P.S. in order to post this comment i had to 'select the images with pickup trucks' to prove I am not a robot ;o)

Donald Clark said...

Hi Nick
1. Fully understand this and using several different types of AI myself in projects. There's dozens of different approaches and I've never argued that what AI does is to even mimic the brain. Most of it focuses on solving problems. Incidentally, some aspects of AI really do attempt to do what brains do, but that's a long scientific and philosophical debate. Sure there's crowdsourcing but even underlying that approach is some very smart search, sort and now semantic algorithms at work. On pattern recognition - facial recognition is getting good, fast and other stuff will follow.
2. There is a point here about what we as humans do when most of the mundane tasks are done by machines, and by mundane I mean most professional management jobs. Although, having been involved with AI driven adaptive learning for several years, I've seen it paly the role of teacher across a range of subjects.Far from seeing AI helping us do the things we do today, it certainly will eliminate many of those things - driving and so on. Learning has already shifted, as you say, from us to them, but it's a los more complex than this. The work we've been doing in the US shows that optimum teaching with a good 'teacher and AI gives optimum results.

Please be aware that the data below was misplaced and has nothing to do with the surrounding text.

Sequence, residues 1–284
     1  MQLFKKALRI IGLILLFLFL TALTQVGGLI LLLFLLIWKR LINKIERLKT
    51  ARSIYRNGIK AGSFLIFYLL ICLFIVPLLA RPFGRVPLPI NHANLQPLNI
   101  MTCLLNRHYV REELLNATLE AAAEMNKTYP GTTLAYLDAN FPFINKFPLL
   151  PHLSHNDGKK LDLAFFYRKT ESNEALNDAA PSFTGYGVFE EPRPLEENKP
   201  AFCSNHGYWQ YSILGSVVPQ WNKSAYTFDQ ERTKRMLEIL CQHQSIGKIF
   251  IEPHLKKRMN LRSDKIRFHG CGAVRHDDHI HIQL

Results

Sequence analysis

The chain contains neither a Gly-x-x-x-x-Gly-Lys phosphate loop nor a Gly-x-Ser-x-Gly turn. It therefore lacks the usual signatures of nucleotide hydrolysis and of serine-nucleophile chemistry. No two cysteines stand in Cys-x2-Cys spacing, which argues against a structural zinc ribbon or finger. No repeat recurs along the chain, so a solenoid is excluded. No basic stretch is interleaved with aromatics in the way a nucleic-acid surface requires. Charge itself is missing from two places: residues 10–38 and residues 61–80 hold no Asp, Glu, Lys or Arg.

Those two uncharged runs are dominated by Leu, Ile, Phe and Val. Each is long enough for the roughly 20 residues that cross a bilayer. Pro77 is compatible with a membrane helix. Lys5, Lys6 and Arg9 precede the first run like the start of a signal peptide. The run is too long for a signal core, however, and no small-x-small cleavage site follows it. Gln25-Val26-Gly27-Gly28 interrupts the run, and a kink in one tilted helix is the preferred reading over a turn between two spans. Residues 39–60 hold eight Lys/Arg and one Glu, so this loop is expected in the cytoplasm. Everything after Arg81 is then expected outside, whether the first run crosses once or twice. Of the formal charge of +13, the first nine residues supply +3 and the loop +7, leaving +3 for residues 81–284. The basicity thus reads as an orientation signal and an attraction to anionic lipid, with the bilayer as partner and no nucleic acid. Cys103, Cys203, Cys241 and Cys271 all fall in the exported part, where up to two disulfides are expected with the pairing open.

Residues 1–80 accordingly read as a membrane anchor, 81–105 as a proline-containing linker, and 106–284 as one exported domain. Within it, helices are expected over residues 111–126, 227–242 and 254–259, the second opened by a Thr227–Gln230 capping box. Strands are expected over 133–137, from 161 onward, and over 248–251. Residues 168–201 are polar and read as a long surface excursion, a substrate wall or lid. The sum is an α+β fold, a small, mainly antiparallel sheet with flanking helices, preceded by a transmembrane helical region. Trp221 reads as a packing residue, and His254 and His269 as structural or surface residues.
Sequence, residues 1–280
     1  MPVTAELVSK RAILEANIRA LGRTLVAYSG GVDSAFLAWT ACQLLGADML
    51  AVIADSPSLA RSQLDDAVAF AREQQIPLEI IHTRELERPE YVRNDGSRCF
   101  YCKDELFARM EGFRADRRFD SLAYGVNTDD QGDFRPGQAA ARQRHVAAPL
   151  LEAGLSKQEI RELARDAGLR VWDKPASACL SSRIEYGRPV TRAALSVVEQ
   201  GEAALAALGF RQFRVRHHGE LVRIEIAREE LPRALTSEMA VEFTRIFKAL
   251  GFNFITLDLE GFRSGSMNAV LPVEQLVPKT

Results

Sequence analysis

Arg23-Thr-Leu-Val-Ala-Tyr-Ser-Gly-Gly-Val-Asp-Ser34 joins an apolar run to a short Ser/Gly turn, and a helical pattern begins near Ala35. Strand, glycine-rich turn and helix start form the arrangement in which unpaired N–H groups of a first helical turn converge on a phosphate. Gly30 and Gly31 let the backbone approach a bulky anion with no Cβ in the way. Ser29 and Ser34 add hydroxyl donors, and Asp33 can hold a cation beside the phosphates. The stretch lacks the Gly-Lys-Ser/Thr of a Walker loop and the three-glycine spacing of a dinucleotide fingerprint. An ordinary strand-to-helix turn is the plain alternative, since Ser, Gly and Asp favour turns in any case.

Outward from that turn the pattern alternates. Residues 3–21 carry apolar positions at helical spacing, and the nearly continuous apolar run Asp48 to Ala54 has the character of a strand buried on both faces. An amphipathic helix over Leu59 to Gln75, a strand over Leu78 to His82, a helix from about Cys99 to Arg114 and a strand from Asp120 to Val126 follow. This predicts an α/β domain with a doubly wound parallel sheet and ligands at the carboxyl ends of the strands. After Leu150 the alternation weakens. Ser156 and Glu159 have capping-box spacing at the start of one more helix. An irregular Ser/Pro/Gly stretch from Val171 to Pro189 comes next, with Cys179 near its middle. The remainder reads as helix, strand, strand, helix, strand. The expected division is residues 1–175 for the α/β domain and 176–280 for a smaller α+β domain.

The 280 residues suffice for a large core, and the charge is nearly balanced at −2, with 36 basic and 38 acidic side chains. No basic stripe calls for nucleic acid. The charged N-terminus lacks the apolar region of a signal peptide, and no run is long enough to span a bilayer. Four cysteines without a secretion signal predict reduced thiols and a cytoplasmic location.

3. I am not assuming the 'transfer' model.Indeed, I gave a talk on Thursday on your very point - Little Ice has already done HER in rela life - a massive Turning test (affectively).the VR component introduces the emotional aspect - see Henry & Oculus. You have a good point about not replacing humanoid 'teachers' and I agree. We didn;t go faster by copying the bones structure of a cheetah but invented the wheel. This is not about being human, it is about 'learning more effectively. Software already does this and will do it better and better. The difference is that the performance of that software also 'learns' and gets better and better, whereas we remain in the slow lane.